Lesson 18 – Always take care of those people who take care of you
The only people I ever tipped were waiters and waitresses before I got to pro ball. Now granted, we didn’t make boatloads of money in the minor leagues, but sometimes neither did the people helping us tirelessly to have polished cleats or perfectly clean and neatly organized uniforms. I’m happy to say that I took the time to get to know most of those people’s story. I’m a believer that there are many under appreciated people in professional baseball from clubhouse guys, athletic trainers, strength coaches, and front office personnel. You must make it a point to acknowledge their existence because there are assholes everywhere that don’t. The lesson I learned here is to never make enemies in the workplace with those who are working for you. Take them out to lunch, get on their level, and make it known that you care.
Lesson 19 – Someone is always watching
Even when there obviously isn’t, the great ones pretend there is. Do you ever goto a sporting event and just watch in awe as your favorite player walks across the field or court? The best players have an ora about them…A confident something in everything they do. From picking up a ball to tieing their shoes, there is a swagger or sureness in what they are doing at all times. This is because they conduct themselves the same everywhere they go..alone or not alone. Confident and professional.
Take Derek Jeter, Tiger Woods, Lebron James, Roger Federer. I can bet you when they are by themselves practicing, they do so in a manner that is exactly how they would conduct themselves in real live action. Even if their game sucks at that particular moment, and their confidence is plummeting, they pretend and conduct themselves like champions at all times. They fake it if they have to, because they know if they constantly change character, they won’t be successful in the long run.
I can remember going to watch Tiger Woods play golf on a Sunday even when he wasn’t close to the lead. He was playing so poorly in fact, that the crowds had mostly moved over to the leaders to watch them play. But of course Tiger had his signature Sunday red and black on as always. His shoulders were back, head held high, and he strolled through the fairways like he could walk on water.
Lesson learned. Even when none is watching, carry yourself like a champion.
Lesson 20 – Don’t idolize professional athletes. Find the things they do well, and appreciate those instead.
When you give a young person buckets of money for having a great swing, a cannon for an arm, or superior genetics, it doesn’t always mean they are the best of people. I certainly don’t speak for everyone, as I’ve had many talented and wealthy teammates who were even better people off the field. There are, though, so many young kids out there that look up to superstar athletes who are absolutely horrible people.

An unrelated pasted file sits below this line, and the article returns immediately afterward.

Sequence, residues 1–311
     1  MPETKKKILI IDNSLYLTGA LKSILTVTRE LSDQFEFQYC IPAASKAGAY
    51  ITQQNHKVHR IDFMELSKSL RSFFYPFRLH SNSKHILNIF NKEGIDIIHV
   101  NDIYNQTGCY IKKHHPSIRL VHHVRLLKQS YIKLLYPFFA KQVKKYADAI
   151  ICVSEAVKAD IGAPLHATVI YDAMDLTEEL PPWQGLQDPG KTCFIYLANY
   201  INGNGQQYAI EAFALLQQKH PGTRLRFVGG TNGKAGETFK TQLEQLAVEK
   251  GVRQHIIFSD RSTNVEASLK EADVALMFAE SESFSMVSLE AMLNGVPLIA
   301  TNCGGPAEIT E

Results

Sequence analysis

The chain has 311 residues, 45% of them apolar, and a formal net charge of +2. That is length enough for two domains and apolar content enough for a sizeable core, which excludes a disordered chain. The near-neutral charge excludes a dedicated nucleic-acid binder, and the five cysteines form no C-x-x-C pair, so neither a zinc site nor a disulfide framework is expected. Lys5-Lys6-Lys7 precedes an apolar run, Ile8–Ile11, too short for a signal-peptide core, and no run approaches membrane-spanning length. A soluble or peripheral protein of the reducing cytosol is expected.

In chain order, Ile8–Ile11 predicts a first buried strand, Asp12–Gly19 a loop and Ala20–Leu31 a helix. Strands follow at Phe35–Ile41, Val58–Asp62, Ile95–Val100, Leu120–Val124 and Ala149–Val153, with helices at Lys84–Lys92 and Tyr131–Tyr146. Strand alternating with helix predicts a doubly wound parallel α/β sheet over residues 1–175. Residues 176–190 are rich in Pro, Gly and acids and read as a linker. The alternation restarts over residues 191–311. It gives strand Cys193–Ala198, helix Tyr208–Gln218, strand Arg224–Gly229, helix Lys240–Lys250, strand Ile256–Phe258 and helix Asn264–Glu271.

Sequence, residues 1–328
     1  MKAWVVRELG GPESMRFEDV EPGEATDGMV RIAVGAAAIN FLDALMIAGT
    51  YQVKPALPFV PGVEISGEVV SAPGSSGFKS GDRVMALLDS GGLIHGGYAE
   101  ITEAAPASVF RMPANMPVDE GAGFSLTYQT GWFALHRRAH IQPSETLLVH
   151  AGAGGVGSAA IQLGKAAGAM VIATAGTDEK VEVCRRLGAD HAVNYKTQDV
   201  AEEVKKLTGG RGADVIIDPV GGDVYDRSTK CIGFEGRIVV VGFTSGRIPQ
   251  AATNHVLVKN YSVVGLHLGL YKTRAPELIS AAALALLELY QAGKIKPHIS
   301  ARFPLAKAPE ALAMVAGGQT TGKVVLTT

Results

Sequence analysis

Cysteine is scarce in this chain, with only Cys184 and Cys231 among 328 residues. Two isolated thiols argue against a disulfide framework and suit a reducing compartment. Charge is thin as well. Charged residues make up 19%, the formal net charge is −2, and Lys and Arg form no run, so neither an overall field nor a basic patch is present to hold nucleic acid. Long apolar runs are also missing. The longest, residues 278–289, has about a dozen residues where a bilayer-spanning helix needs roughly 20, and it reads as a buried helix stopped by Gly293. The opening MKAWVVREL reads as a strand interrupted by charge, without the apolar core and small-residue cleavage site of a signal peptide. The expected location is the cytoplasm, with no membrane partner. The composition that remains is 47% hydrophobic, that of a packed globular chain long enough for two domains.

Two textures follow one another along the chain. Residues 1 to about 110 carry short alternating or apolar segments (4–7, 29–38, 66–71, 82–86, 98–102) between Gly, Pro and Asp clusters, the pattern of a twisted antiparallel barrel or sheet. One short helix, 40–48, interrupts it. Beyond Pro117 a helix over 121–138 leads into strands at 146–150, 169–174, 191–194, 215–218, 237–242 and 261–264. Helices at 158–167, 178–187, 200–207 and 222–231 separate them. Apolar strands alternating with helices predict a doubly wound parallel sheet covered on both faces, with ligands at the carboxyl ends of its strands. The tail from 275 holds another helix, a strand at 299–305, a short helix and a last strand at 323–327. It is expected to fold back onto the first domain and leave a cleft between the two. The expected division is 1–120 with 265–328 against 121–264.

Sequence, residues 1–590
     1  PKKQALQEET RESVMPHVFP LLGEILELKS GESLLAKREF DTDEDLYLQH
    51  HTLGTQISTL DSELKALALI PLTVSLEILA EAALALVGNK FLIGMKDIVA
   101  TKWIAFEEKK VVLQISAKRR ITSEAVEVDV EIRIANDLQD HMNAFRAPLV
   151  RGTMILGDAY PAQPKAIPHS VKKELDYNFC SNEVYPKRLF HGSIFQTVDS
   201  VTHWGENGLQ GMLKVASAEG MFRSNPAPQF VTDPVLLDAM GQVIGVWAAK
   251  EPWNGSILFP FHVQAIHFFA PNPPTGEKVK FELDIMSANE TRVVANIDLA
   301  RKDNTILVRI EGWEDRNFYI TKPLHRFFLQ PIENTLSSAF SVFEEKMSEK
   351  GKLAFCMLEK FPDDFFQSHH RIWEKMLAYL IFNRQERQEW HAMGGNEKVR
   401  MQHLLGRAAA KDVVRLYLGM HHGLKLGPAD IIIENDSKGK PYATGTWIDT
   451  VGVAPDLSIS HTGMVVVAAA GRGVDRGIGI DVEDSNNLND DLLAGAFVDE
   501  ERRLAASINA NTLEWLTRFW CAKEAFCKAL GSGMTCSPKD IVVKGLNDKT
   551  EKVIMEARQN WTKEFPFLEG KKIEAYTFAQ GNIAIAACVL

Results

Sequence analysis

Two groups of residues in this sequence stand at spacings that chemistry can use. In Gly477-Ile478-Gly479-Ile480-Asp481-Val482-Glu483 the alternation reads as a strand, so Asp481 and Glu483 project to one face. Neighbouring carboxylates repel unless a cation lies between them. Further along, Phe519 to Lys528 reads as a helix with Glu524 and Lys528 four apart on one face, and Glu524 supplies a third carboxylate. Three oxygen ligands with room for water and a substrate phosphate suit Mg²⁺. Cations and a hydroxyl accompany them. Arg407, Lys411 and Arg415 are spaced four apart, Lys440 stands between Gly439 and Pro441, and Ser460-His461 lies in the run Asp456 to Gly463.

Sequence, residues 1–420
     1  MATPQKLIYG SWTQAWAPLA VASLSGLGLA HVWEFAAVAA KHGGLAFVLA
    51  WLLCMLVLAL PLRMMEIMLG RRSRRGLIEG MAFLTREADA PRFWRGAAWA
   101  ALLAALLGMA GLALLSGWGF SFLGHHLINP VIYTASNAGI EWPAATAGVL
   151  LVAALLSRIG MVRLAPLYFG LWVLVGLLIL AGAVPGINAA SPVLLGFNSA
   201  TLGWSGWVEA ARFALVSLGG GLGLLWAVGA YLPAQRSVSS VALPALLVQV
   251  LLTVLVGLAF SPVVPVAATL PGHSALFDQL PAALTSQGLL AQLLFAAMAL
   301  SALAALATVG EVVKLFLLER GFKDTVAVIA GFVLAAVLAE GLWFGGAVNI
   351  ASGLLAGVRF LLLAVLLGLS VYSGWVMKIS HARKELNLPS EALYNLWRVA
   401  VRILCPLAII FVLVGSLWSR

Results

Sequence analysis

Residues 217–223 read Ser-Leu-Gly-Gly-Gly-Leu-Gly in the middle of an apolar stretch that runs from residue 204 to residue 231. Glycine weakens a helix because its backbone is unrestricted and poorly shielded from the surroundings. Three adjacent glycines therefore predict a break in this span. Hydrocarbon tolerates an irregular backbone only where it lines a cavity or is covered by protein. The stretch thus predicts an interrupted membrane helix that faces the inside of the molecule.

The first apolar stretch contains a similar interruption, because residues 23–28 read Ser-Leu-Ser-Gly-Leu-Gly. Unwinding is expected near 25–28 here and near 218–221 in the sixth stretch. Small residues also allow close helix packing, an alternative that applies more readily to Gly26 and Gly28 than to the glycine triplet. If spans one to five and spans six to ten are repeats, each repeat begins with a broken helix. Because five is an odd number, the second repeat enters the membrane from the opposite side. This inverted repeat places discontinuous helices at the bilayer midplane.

I wish those kids would understand that while sports are people’s job sometimes, it is after all, just grown men playing the same exact game they do, just at a higher level. I think it’s cool to see young kids emulate their favorite player’s batting stance or pitching mechanics. Those players are successful for a reason, but its their swing…not their values as a person which makes them elite athletes. Pay no attention to the crap off the field, and certainly don’t emulate it. Athletes you see on t.v. are just the same as you and me, just better at hitting or throwing a ball, nothing more.
So the lesson learned here is to feel free and digest all that athletes do on the court or field, but do not expect them to be the Dalai Lama when the uniform comes off. You might be disappointed if you do.
It is with these 20 lessons that I would like to give a sincere thank you to all of you. Every single person who found these articles interesting, helpful, or entertaining…thank you so much for reading. This game has brought my family and I more joy than any of us could have imagined. I have built so many incredible relationships that I will forever cherish. To all my coaches out there who sacrificed their time and energy to see me succeed, I love you. Thank you so much for investing in me. To all my teammates who have battled with me and shared the same goal as me..I’ll miss all of you.
And finally to all of my family, blood, and not, you have extended my career with me as far as I was meant to go. I can look each of you in the eye with a full heart and tell you I gave it my best shot. You all should know you had more than a huge hand in making my career long and successful in a number of ways. I am forever in your debt..all of you.
And for my dad, who believed in me no matter what. I love and miss you…I hope I’m making you proud.